June 2010


Sought to Deny Reporter Access to Kagan’s Brother Irving, Teacher at Hunter College High School

Judicial Watch, the public interest group that investigates and prosecutes government corruption, announced today that it has obtained documents from Hunter College High School regarding a White House effort to deny New York Times education reporter Sharon Otterman access to Supreme Court nominee Elena Kagan’s brother Irving, who currently teaches at the New York school. Otterman requested and received permission from both the school and Irving Kagan to attend one of Mr. Kagan’s constitutional law classes before White House Deputy Press Secretary Joshua Earnest intervened. “I’m definitely not comfortable with that at this point,” Earnest wrote to Ms. Otterman on May 11, 2010.

Earnest instructed Irving Kagan in an email on May 11 to direct press inquiries directly to the White House:

This reporter says she has permission from you and from the school to sit in on your class. I’ve articulated my concerns to the [Hunter College public relations representative] Meredith [Halpern] – who now says she agrees with me. I’ve articulated my concerns to the reporter, who’s feeling misled that we’re telling her no and she says she was told yes.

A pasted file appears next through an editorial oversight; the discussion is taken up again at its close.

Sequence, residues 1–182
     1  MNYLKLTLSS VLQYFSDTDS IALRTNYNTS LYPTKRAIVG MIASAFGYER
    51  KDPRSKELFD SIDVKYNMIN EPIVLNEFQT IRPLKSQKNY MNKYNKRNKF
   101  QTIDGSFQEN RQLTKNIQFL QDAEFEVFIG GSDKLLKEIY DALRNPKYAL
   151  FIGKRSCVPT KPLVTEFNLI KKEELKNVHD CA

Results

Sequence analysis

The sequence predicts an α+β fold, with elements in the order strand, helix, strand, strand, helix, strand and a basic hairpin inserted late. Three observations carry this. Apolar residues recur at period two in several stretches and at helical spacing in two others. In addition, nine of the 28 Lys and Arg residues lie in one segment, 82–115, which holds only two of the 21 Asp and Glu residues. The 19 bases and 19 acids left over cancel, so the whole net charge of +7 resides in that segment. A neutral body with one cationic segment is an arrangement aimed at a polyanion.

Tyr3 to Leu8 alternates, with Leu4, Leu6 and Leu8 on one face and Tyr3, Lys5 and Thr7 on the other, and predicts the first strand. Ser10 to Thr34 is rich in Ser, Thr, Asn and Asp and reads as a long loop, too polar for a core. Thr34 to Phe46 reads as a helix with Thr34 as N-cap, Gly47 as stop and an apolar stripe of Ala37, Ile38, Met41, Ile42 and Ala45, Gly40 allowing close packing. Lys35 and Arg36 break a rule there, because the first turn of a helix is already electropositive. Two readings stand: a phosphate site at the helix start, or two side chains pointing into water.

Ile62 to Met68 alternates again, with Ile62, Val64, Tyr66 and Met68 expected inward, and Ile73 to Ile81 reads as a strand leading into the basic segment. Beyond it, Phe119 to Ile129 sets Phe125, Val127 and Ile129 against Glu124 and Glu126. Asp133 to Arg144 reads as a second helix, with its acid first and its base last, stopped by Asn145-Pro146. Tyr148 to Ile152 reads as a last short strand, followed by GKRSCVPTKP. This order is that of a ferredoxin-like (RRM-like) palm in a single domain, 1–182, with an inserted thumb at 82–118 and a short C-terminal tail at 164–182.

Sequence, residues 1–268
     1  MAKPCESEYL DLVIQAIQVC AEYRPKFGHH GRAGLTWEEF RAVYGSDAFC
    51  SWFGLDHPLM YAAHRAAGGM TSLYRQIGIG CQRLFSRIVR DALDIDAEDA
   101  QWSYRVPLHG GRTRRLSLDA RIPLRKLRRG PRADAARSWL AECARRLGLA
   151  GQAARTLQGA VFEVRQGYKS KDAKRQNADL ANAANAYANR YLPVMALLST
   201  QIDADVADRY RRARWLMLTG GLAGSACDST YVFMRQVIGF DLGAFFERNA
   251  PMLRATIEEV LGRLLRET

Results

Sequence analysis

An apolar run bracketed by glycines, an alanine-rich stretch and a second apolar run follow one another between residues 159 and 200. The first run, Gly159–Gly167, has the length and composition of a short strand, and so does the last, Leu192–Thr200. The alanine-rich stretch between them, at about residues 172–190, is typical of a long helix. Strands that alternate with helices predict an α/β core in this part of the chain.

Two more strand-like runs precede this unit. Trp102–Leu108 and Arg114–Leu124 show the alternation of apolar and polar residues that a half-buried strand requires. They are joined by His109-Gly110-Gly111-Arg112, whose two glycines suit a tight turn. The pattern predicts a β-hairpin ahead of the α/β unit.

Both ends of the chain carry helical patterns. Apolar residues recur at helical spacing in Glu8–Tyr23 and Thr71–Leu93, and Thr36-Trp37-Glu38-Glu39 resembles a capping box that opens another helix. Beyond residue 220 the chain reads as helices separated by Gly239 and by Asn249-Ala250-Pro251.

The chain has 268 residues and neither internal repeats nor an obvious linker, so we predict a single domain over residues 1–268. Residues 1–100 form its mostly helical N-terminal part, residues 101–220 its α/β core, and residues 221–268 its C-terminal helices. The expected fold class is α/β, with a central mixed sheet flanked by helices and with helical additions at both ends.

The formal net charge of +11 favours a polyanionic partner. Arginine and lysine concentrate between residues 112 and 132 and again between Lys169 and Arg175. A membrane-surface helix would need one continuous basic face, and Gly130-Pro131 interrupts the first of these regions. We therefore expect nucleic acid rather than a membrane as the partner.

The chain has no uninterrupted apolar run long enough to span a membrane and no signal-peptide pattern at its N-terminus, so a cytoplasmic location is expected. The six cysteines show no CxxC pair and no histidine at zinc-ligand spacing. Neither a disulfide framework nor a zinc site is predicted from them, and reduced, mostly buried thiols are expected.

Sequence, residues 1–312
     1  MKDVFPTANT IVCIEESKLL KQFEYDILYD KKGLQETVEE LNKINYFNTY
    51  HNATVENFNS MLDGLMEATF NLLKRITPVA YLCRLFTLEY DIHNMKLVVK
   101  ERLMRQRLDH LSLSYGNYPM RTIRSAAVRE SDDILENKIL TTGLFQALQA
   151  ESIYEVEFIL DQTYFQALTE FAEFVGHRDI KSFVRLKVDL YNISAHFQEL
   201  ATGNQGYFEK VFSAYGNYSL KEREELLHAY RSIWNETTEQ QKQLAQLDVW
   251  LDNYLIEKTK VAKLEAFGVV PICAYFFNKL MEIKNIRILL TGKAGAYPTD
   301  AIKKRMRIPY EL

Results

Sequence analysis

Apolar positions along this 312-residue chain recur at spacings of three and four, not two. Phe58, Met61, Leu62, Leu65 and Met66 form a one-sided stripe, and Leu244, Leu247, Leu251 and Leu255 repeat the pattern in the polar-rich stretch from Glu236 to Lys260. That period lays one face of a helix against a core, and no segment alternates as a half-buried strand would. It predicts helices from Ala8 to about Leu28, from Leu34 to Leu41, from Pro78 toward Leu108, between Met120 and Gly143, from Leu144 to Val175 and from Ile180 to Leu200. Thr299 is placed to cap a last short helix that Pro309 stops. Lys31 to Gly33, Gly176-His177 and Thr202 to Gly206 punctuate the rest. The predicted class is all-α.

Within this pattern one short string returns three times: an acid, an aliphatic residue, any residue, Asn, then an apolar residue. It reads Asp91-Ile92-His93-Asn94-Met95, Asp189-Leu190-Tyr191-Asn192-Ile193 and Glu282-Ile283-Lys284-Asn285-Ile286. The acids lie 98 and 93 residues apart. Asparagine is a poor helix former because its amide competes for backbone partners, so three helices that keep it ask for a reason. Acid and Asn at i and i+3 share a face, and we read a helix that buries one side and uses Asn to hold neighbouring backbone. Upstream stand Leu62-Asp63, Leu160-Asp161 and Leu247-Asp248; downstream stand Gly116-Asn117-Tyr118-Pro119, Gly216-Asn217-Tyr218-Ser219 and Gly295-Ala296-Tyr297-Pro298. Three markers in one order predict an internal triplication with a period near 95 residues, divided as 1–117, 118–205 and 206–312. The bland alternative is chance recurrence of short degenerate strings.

In the future, it’s important to direct all reporter inquiries to the White House. It’ll be easier for you to stay out of the middle of these conversations if you send them directly to us without responding.

Irving Kagan appeared to have no issues with Ms. Otterman’s presence in his classroom. “I told my folks at school I was willing to participate, but only with your agreement. Was that a mistake? If I hadn’t [been] willing to do it, I would have just said no, and not wasted your time.”

There was no indication in any of the documents regarding the White House’s specific objections to Ms. Otterman’s request.

“The Obama White House has no business interfering with independent press investigations of Ms. Kagan,” said Judicial Watch President Tom Fitton. “These documents show that the Obama White House could care less about transparency on the Kagan nomination and is no friend of an independent media.”

Supreme Court nominee Elena Kagan graduated from Hunter College High School in 1977.

IBD Editorials

The administration is ready to sign a treaty stripping us of our ability to defend ourselves against enemy nuclear missiles, including Iran’s and North Korea’s. In space, no one can hear you surrender.

On Monday, the ground-based Terminal High Altitude Area Defense system, part of the U.S. missile defense shield, successfully shot down a ballistic missile launched from a ship’s deck off Kauai, Hawaii. The test simulated an Iranian SCUD launched from the deck of a ship off the U.S. coast, which, if armed with a nuke, could devastate the American heartland.

The simulated Scud was launched from the deck of the decommissioned 603-foot amphibious assault ship Tripoli. U.S. Army soldiers of the 6th Air Defense Artillery Brigade from Fort Bliss, Texas, successfully intercepted it with a Terminal High Altitude Area Defense (THAAD) interceptor.